• Cultural and Textual (Dis)Unity: Poetics of Nothingness in The Waste Land

    Petar Penda (see profile)
    CLCS 20th- and 21st-Century, LLC 20th- and 21st-Century American
    American literature, English literature, Literature, Modern
    Item Type:
    Book chapter
    criticism, eliot, literature, Modern literature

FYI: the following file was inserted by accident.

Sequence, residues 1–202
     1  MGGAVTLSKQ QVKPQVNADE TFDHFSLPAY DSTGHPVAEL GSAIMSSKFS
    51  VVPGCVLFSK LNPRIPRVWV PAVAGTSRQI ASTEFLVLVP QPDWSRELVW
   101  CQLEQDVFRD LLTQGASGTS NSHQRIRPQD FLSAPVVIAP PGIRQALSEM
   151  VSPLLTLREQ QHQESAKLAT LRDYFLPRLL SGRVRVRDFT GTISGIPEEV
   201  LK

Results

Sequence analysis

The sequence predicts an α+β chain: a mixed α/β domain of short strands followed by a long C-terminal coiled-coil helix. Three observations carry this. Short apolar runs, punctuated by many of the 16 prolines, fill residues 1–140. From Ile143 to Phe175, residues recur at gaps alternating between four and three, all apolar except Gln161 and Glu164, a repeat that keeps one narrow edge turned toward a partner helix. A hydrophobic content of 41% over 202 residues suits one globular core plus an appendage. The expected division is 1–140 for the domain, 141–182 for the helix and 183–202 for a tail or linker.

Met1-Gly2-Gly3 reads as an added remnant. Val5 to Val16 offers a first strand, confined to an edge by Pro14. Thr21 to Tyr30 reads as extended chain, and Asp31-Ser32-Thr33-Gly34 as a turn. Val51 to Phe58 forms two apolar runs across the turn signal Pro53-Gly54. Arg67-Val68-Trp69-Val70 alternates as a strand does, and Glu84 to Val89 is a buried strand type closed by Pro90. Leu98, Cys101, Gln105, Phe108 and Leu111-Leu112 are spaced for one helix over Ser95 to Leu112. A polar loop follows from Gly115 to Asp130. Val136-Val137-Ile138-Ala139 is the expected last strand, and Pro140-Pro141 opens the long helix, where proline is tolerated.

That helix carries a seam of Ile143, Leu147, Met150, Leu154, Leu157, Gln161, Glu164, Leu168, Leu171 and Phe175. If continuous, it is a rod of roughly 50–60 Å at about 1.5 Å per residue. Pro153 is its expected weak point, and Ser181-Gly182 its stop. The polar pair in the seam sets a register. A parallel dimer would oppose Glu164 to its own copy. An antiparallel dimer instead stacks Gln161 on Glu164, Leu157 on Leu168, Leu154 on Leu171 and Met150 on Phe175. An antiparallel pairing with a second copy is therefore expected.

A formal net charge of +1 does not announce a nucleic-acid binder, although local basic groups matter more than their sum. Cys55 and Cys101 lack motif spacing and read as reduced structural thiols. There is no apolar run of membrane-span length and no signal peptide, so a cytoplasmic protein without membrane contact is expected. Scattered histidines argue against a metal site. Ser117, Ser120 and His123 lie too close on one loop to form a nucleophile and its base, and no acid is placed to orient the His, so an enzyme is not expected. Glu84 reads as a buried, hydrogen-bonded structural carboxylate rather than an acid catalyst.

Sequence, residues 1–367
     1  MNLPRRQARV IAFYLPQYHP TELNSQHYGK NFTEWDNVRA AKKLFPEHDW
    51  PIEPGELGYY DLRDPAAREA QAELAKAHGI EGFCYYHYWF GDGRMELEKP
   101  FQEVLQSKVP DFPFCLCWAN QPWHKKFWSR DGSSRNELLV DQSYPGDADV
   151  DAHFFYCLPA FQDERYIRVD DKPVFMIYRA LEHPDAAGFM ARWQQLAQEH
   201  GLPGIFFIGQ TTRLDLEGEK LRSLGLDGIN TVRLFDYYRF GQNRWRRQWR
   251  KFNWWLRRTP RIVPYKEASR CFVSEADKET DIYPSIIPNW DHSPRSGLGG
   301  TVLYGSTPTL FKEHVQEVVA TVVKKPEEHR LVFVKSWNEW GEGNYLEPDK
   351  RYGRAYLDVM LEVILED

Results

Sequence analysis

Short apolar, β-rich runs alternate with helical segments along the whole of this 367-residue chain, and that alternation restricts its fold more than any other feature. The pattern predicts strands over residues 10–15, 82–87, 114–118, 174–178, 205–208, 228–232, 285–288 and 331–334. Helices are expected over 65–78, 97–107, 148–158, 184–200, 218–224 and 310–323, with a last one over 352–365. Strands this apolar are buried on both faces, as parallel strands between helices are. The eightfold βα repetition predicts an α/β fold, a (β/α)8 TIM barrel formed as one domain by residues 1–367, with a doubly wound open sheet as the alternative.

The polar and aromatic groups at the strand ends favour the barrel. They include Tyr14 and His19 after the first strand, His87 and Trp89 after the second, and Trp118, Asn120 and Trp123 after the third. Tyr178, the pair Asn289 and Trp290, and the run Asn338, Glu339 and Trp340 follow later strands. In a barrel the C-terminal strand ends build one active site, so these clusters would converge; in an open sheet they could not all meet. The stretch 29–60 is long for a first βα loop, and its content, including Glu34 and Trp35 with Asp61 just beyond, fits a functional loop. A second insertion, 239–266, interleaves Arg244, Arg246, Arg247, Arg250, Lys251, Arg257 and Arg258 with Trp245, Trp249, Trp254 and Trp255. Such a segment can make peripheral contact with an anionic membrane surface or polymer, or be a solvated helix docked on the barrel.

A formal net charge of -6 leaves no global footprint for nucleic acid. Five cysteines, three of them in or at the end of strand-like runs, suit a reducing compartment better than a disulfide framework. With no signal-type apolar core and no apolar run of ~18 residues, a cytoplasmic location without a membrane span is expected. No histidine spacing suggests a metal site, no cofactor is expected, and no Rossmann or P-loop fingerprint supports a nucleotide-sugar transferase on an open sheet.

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    n his theoretical writings, as well as in the subtext of The Waste Land, Eliot expresses the idea of the organic nature of culture and its unity despite its regional diversity. This unity is represented by some formal features of The Waste Land, such as its rhythm and structure. However, cultural unity, at times also represented by the textual, is opposed to the ideaistic disorder which disrupts the unity. This intricate relation of the cultural, textual, ideaistic, and formal, full of mutual inclusions, exclusions, compliances and non-compliances, adds up to both the ideas of non-being and nothingness of life, as well as to the ideology of order and (dis)unity. This duality of nothingness of life on the one hand, and establishing order on the other, is reconciled by means of the aesthetic unity of the opposites. The insistence on the aesthetic reconciliation of the above dichotomies, which Eliot sees as possible only in reference to the past, bears ideological traits common for many Modernist authors. The aesthetic of nothingness realized through the poetics of disorderly order thus leads to that what Terry Eagleton terms as the ‘‘ideology of cultural disintegration’’. The aim of this essay is to scrutinize the interrelation of both Eliot’s theoretical poetics and the poetics utilized in The Waste Land regarding the cultural and textual (dis)unity realized through the ideaistic and formal.
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